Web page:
GPCC Implement helps healthcare develop its person-centred approach
COLLABORATION. A person-centred approach makes care more effective and humane. Therefore, there is a major interest in health and social care in increasing person-centred care. To support the change process with different heads, a non-profit company has been built. GPCC Implement.
GPCC Implement is a so-called SVB company (NPO company), which means that the owner, GU Ventures AB, cannot withdraw any of the money from the company. Instead, any profit is reinvested. This social corporate form is a completely new tool for the university’s collaboration with the surrounding community. GPCC Implement was built by GU Ventures, is fully owned by the Swedish government and its mission is to implement research results and ideas sprung from The University of Gothenburg. The company has no staff, and instead involves those colleagues that are needed for each individual assignment.
“Research clearly shows that person-centred care is more effective and that it is a major strength of GPCC Implement. The fact that it is a non-profit company is another strength, and something that is well received by everyone I talk to,” says Catarina Wallengren who works with GPCC Implement together with Jesper Hök.
Headed by a duo
GPCC Implement is the result of several years of work, but was formally founded about a year ago. It is headed by Jesper, who is a behavioral scientist with a focus on organizational change in close collaboration with Catarina at GPCC, who is a PhD researcher in the Health and Care Sciences.
“Since its start, we have received over 150 requests from an array of places, from smaller wards that want to know more about how they can work toward becoming more consistently person centered, to major healthcare organizations that want support for a long-term process to revise their whole organization,” explains Catarina.
In the nearest future, GPCC Implement will be involved in Region Västa Götaland’s introduction of a more person-centred work method throughout the region. During 2016, the region will run, among other things, training in person-centred care, where change leaders from different administrations in the region will be gathered. An example of other major customers are Blekinge County Council and Region Gotland.
“When we return to an organization for the third or fourth time, we often notice that they have developed person-centred glasses, where they are able to point to a situation and say “that was not particularly person-centred”. It is extremely rewarding,” says Catarina.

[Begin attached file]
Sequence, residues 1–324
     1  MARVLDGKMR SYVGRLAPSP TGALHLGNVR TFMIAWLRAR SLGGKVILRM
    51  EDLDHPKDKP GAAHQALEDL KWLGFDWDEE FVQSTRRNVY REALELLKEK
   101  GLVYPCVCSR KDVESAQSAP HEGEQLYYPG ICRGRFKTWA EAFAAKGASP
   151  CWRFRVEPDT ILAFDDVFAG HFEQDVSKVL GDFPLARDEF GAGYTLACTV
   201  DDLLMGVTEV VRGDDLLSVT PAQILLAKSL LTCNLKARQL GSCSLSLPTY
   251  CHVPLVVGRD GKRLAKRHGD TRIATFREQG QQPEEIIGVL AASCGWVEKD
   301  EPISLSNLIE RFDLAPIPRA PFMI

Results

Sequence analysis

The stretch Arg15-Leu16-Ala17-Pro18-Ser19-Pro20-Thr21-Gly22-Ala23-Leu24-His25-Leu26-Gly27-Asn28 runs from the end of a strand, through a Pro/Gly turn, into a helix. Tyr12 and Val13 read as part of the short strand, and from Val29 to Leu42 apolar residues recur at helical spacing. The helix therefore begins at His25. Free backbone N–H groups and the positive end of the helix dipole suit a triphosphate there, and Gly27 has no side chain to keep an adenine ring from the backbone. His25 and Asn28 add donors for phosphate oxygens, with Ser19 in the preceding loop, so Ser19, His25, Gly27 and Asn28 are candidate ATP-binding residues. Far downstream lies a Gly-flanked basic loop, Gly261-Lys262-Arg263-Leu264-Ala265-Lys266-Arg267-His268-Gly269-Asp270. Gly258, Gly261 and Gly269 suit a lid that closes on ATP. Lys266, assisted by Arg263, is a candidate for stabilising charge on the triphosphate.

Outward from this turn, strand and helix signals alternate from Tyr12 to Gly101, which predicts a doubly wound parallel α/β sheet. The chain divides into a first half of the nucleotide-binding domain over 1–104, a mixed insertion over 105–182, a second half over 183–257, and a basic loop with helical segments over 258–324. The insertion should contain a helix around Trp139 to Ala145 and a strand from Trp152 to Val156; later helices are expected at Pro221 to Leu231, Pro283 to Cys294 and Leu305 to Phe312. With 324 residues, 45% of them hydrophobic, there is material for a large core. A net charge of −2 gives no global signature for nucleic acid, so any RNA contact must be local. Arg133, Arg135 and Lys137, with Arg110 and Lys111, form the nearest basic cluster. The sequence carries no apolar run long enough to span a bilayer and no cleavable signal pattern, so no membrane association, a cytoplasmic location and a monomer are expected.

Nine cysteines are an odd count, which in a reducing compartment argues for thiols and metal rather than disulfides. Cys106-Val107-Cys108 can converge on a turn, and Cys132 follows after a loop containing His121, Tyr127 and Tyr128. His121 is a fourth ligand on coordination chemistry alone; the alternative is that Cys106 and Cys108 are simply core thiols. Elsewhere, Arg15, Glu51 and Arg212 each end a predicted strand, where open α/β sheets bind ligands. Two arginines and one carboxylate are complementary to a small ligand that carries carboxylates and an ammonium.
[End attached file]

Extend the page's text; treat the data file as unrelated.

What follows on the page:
A sustainable change
“We do not change their operation, they do. So essentially, it is a bit wrong to say that we work at implementing person-centred care,” says Jesper and continues,
“Person-centred care or patient-centred care is an already established concept for many, and most who work in care, more or less, provide care based on the patient’s wants and needs. But it must also be a management issue. If person-centred care is to be strategic, sustainable and permeate the entire organization, work is needed to actively drive it through at all levels, and that is where we can offer support.
The organizational barriers and opportunities that exist for creating a sustainable person-centred culture in care organizations is not yet fully mapped. The Center for Person-centred Care at the University of Gothenburg (GPCC) has recently launched a new research line on this, where experience from GPCC Implement can be a resource.
An equal partner
Person-centred care is an approach that means that the patient is an equal partner in their own care. They are included as a full member of the care team with influence over their care, instead of solely holding the role of a patient. The approach is well on its way to being widely accepted in health and social care. A clear sign of this is that Sweden’s municipalities and county councils decided to work for person-centred care in Swedish health and social care during their convention last fall. Research, especially that conducted via GPCC, shows that this approach has multiple benefits, among which are shorter hospital stays, lessened need of followup care and significantly more trusting patients.
The Center for Person-Centred Care – GPCC – was founded in 2010 with support from the Government’s strategic research investment in health and care research, with the overall goal to support and conduct research of high quality in person-centred care. The objective of the research is to gain knowledge on how long-term diseases are experienced and handled by the individual, as well as implementing and evaluating person-centred care.
Text and photo: Elin Lindström Claessen